Raise your hand if you actually enjoy changing diapers.
As a dad, I get it. Changing diapers is one of the dirtiest line items in a parent’s job description. More often than not, the objectives are simple: clean up the mess and get rid of the mess as quickly as possible.
But do we ever take a moment to think about where that mess actually goes?
Yep, a landfill just like this one.
The stats on disposable diapers in landfills are no joke.
Using a very conservative estimate, babies go through about six diapers a day. Even if a baby is a rock star at potty training and figures it out by the time she’s 2 years old, that’s over 4,000 diapers she went through. If a child spends a longer time in diapers, the numbers (and diapers) will keep piling up.
Studies have shown that disposable diapers rank third in terms of the consumer items taking up the most space in our landfills, and over 90% of single-use diapers end up there. It’s also estimated it will take anywhere from 250 years to 500 years for disposable diapers to decompose.
Put simply, that ain’t good.
We all want a cleaner world for our babies, right? Some believe we should start with what we attach to their rear ends.
Jennifer Aprea is a married mom with two children living in Huntington Beach, California. When her daughter Danielle was 2 months old, she decided to give cloth diapering a try.
“Not to be too graphic, but her poop would go everywhere whenever I nursed with her,” Jennifer told Upworthy. “I looked into the cloth option because of the elastic on the back, but I’ll admit that I was a skeptic at first.”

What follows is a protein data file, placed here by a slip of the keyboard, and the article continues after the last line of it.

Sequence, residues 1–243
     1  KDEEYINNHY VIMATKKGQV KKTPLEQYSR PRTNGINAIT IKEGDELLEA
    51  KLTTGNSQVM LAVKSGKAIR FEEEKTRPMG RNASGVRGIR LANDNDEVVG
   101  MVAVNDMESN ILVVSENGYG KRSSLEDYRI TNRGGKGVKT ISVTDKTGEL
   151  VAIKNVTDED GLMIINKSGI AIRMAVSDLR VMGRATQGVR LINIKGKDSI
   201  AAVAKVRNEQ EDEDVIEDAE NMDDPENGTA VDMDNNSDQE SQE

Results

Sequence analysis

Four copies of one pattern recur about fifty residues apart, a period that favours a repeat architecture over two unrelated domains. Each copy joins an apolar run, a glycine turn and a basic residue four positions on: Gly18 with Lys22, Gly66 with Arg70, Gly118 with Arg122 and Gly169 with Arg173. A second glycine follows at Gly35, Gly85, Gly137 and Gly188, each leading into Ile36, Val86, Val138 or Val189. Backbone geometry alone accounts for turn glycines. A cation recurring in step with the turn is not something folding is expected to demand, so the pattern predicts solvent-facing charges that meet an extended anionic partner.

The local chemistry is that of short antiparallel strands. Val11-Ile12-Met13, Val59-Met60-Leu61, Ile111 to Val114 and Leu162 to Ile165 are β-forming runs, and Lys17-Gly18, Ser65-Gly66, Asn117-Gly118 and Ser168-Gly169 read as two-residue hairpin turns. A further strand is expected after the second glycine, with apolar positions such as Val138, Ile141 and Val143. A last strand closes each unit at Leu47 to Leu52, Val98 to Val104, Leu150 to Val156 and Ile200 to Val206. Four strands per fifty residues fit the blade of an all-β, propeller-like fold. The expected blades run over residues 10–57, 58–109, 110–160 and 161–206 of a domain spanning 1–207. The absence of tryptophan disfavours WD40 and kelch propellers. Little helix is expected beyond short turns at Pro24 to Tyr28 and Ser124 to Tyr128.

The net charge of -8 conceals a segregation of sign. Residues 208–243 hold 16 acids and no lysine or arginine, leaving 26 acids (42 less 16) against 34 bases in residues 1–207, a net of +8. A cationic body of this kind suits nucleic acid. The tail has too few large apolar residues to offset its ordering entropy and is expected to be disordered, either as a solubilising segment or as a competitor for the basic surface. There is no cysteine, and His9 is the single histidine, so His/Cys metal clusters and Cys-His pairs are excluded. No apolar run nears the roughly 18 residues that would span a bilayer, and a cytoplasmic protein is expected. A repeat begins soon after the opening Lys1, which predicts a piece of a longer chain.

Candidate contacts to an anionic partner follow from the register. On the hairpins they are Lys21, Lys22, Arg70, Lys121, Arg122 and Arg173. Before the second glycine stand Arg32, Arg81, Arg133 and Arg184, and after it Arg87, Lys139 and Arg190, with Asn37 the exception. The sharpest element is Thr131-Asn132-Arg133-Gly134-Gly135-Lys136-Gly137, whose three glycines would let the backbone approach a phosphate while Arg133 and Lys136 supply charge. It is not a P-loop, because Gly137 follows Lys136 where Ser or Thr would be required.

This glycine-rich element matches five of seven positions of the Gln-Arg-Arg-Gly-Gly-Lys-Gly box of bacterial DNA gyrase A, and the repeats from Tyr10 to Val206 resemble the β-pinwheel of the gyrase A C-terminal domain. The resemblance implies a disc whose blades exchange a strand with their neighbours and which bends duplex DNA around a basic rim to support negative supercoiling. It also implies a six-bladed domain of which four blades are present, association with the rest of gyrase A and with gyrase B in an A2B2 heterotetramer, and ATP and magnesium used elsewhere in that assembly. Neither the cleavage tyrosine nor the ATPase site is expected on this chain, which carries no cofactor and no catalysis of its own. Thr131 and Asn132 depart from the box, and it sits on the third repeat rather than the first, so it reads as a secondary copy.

Not only is Jennifer completely sold on the idea now, but she’s also an advocate for how cloth diapering can help families and the environment.
But isn’t cloth diapering kinda … um, gross?
Jennifer can’t help but laugh this one off.
“Dealing with gross stuff is a regular part of parenthood,” Jennifer said. “All parents deal with bodily fluids and other messiness from their kids no matter what type of diapers they use.”
As mentioned earlier, she prefers cloth diapers because she believes the strong elastic contains messes better than disposables. Additionally, Jennifer also created an ingenious device called the Spray Pal which makes it so parents can quickly clean their kids’ diapers without getting dirty themselves.
But that’s not all.
Jennifer’s son, Ryan, was a micro-preemie born at 25 weeks and weighing 1 pound and 13 ounces. He spent seven months in the neonatal intensive care unit, came home on oxygen and a feeding tube, and was discovered to be profoundly deaf and visually impaired upon discharge.
Even with those health challenges, they still used cloth diapers during time he was in the NICU and still use them today.
Although some believe cloth diapering is an unnecessary time-consuming nuisance, Jennifer isn’t buying it. All it takes is an open mind.
“We had a newborn in the NICU, his toddler sister was running around like crazy, I was running a business, and I taught part time,” Jennifer said. “If I can can do it, anyone can.”
To some, the jury’s still out regarding whether cloth diapers are better for the environment than disposables, but cloth diapers win big in one regard.
Due to the amount of water it takes to clean cloth diapers and other factors, some have questioned how environmentally-friendly reusable diapers truly are. That debate will continue for a while, but cloth diapers have a huge advantage in passing used (but clean!) ones to those in need.
Giving Diapers, Giving Hope sets a great example as a nonprofit organization that provides cloth diapers to low-income families. Many of the diapers are donated by other families after they were used and thoroughly cleaned.
“Good luck trying that with disposable diapers,” Jennifer said.
At the end of the day, we all want what’s best for our children now, but we should also think about their future. Will cloth diapering help to make the world a better place?
That’s up to you to decide.